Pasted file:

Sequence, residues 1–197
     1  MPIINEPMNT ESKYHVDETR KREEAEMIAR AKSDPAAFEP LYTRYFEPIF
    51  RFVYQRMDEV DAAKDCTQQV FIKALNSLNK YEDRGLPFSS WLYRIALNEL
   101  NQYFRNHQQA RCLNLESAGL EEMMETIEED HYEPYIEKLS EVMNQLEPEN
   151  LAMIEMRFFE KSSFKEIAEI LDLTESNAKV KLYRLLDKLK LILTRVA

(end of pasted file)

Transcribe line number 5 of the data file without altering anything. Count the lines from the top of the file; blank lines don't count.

   151  LAMIEMRFFE KSSFKEIAEI LDLTESNAKV KLYRLLDKLK LILTRVA